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With his apology to indigenous Canadians, Pope Francis seeks to heal the heart of the Church…

With his apology to indigenous Canadians, Pope Francis seeks to heal the heart of the Church…

COMMENTARY: Seeking to lift the apology debate out of the ‘how-much-is-enough’ and’ when-will-this-be-over’ dynamic, the Holy Father proposed a reconciling ecclesial vision of a Church both holy and sinful.

Pope Francis made his apology in Canada an explicitly ecclesial act, namely an act of the Church which is called to be an instrument of reconciliation. 

After 30 years of apologies from the Catholic religious orders involved in Indigenous residential schools — and notably from Pope Benedict XVI in 2009 at the Vatican — the framework of apologies, from both churches and the state, evolved into a rather bureaucratic policy framework. Apologies were negotiated as part of settlement agreements or demanded by commissions of inquiry, with certain conditions to be met. 

Thus apologies became legal and political instruments, which have their uses. But the Holy Father had something more in mind. 

Speaking Monday morning at Maskwacis, he began by inserting his apology to Indigenous Canadians into the history of Canada, the history of the Church and the history of salvation — making his personal statement something of a communal act.

Pope Francis said that “in the face of this deplorable evil, the Church kneels before God and implores his forgiveness for the sins of her children,” with a citation to St. John Paul II’s 1998 papal bull for the Jubilee 2000.

The cited section of Incarnationis Mysterium begins with the simple statement, “The history of the Church is a history of holiness.” That is highly contested by some Indigenous leaders, who were upset that the apology of Pope Francis — though well received by those present to hear it in person — did not say that Catholic Church itself was at fault.

The distinction between the Church and its members, if understood purely in a political or legal light, seems to some a sort of dodge or evasion. The Holy Father, though, insisted upon the ecclesiological point: that not all members were guilty, and that the Church itself, which is the body of Christ, remains holy.

He developed that theme at some length at his visit to the Sacred Heart Church of the First Peoples, an Indigenous parish in Edmonton. There he attempted to shift the framework from a legal and political relationship between the Church and Indigenous communities to an ecclesial communion in which all are members together of the same body. Reconciliation thus is not something accomplished by two communities in growing concord, but rather by members of the same community who participate in an authentic communion.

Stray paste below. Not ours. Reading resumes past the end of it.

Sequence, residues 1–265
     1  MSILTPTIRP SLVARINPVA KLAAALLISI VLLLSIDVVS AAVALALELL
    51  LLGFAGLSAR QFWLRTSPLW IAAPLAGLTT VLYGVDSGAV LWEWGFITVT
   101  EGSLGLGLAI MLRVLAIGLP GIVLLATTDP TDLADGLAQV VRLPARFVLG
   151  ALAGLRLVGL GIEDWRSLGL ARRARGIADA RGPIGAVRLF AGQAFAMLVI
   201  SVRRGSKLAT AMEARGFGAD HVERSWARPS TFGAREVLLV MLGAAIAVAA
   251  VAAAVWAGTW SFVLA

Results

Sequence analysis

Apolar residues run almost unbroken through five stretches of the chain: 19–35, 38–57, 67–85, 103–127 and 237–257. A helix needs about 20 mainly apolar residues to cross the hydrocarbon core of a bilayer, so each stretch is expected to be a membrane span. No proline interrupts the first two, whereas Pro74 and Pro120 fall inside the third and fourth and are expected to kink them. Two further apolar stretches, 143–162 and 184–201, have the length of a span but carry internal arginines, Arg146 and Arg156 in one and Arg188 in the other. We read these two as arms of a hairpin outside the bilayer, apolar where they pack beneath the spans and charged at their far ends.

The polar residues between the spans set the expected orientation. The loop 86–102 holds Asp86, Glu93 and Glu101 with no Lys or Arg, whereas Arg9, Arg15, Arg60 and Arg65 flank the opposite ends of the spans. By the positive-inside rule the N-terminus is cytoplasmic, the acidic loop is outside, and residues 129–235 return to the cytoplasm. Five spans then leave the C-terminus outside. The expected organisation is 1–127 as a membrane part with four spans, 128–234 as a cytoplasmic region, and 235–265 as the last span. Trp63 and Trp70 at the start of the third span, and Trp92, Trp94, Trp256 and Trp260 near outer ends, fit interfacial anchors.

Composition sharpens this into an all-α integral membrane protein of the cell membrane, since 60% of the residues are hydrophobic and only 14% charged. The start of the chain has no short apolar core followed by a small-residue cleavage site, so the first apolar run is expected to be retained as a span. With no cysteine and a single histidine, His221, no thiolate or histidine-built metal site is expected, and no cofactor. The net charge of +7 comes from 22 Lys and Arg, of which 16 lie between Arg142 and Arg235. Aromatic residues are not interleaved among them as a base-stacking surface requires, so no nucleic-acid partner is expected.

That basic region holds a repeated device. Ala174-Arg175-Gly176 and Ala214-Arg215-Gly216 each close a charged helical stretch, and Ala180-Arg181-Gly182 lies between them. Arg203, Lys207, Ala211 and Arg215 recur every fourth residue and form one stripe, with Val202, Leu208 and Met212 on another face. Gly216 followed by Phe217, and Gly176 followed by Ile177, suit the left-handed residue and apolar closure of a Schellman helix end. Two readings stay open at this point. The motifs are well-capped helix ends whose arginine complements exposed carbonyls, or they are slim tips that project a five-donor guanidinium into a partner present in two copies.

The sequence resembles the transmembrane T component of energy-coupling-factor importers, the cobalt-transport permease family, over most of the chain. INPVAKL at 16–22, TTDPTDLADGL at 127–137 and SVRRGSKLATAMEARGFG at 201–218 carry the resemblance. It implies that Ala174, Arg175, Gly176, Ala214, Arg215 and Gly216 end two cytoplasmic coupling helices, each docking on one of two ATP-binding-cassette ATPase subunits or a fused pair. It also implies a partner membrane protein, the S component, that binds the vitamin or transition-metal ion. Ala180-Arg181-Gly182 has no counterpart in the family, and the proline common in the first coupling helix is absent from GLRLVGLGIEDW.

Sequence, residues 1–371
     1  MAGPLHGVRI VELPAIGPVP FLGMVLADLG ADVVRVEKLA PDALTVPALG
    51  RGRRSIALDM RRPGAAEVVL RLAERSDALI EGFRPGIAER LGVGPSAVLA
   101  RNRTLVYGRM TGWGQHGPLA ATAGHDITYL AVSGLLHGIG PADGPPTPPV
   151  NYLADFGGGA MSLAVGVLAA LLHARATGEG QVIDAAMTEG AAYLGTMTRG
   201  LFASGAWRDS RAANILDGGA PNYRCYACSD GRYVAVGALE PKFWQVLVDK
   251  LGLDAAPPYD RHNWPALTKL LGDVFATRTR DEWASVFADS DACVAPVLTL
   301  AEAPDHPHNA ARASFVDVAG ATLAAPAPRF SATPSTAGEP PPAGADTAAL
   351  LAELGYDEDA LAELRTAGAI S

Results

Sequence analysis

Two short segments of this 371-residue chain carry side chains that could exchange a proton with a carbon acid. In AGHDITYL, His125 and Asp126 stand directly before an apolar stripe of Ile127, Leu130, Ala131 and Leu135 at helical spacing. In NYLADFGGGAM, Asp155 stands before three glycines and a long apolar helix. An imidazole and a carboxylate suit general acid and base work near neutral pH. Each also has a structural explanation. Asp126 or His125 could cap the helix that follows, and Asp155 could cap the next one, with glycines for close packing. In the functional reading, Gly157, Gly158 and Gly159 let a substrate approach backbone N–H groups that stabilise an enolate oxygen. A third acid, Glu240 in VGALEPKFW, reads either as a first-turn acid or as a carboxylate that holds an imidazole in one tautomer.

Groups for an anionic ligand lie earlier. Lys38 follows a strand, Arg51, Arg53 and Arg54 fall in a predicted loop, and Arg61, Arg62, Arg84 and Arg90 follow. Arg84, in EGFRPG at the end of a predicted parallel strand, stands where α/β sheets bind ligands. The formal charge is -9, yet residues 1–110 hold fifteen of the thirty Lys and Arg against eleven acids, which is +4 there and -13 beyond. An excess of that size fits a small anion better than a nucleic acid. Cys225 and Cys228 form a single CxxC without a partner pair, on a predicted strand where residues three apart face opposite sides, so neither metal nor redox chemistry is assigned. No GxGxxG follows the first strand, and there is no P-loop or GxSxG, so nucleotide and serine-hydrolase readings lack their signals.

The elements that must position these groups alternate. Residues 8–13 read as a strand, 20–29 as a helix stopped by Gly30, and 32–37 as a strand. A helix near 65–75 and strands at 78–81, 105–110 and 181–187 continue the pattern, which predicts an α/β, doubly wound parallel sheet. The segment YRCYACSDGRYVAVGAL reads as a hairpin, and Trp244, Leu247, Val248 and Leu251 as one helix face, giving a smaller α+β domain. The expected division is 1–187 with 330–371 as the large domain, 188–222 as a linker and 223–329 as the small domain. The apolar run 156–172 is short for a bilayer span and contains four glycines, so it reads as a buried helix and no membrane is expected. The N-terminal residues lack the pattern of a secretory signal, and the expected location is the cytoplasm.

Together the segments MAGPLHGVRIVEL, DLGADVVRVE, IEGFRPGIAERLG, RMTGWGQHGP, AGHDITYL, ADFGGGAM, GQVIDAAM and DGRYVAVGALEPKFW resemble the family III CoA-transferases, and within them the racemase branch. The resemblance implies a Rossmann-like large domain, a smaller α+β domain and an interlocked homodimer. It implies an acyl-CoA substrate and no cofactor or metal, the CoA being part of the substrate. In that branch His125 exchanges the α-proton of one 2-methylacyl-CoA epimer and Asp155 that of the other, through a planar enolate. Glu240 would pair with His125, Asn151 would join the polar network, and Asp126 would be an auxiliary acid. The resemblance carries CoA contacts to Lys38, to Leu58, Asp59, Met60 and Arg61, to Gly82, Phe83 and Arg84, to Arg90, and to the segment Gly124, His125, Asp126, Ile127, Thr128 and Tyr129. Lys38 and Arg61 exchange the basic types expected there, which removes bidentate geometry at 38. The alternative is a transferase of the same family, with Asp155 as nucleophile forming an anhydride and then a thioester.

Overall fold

The finer theological points may have been lost on many, but Pope Francis on Monday wanted to lift the 30-year old apology debate out of the “how-much-is-enough” and “when-will-this-be-over” dynamic.

“The Church is this living body of reconciliation,” Pope Francis said. “One cannot proclaim God in a way contrary to God himself. And yet, how many times has this happened in history! While God presents himself simply and quietly, we always have the temptation to impose him, and to impose ourselves in his name. It is the worldly temptation to make him come down from the cross and show himself with power. Yet Jesus reconciles us on the cross, not by coming down from the cross.”

Pope Francis thus proposed a cruciform model of both evangelization and reconciliation. Evangelical energy falls into the excess of abuse when it seeks to impose itself by power, to “come down from the cross.” Reconciliation proceeds when the crucified One unites all to himself, including both the abused and the abusers. The goal is no longer to simply acknowledge offenses, but to restore both the violated and the violators to peace through the blood of the cross. 

Whether the reconciling ecclesial vision of a Church both holy and sinful, the body of Jesus who is both anointed and cursed on the cross, will shift the residential schools debate in Canada remains to be seen. But Pope Francis offered that vision, for the Church both to acknowledge her failings and her holiness precisely as a Church. 

There is a risk in that approach. A secular framework will always find it unsatisfactory, even obdurate. Yet if the goal is not just peaceable relations with Indigenous Canadians outside of the household of faith, but rather healing in the heart of the Church herself, then that risk must be taken. The Church has to offer not only an apology from the Pope, but the proclamation of Christ crucified and risen from his vicar.

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